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The beginnings of modern city planning

The early Meiji period was clearly a time of enormous upheaval and rapid organisa- tional change. Understandably, city planning was not the top priority of the government, which was preoccupied primarily with establishing its own legitimacy, finances, and powers of control, and with national economic growth. The Meiji gov- ernment did nevertheless put significant effort into city planning initiatives, and some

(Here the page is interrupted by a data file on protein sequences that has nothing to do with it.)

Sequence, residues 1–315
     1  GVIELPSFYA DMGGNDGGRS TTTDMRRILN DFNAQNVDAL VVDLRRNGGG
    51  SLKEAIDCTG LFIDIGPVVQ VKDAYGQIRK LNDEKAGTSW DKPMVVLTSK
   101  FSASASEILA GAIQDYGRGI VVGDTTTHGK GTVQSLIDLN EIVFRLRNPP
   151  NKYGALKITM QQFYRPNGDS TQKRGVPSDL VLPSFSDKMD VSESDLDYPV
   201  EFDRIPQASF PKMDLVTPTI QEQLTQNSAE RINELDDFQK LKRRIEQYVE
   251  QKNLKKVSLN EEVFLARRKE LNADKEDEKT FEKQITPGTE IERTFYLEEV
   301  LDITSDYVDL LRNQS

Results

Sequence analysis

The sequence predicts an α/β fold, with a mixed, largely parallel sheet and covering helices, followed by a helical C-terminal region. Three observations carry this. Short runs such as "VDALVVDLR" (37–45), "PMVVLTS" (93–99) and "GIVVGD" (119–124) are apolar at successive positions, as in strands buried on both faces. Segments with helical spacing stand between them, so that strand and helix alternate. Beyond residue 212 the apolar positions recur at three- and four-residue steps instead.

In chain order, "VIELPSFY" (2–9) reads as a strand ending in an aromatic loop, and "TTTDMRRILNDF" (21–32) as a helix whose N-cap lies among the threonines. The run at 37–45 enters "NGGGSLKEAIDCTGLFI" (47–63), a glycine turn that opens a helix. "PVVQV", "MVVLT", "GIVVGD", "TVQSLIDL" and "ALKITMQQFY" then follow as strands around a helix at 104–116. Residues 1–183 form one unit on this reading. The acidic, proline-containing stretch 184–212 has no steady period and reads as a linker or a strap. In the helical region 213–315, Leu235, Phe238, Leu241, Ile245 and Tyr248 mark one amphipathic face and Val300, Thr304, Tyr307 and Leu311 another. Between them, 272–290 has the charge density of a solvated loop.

The institutional framework of central and local government had a profound and lasting impact on how these priorities were tackled. As noted, the dominant trend during the Meiji period was towards increased centralisation of the government. Most new institutions and town planning measures were therefore designed with a high degree of central control. In contrast with the development of city planning in most Western countries, where municipal governments frequently led the way in the design of town extension schemes, improved infrastructure and the building of workers’ housing, in Japan centralisation of power and finance left very little room for local initiative. The small role of local governments and other local actors in the development of early planning initiatives meant any such efforts tended to reflect central government priorities.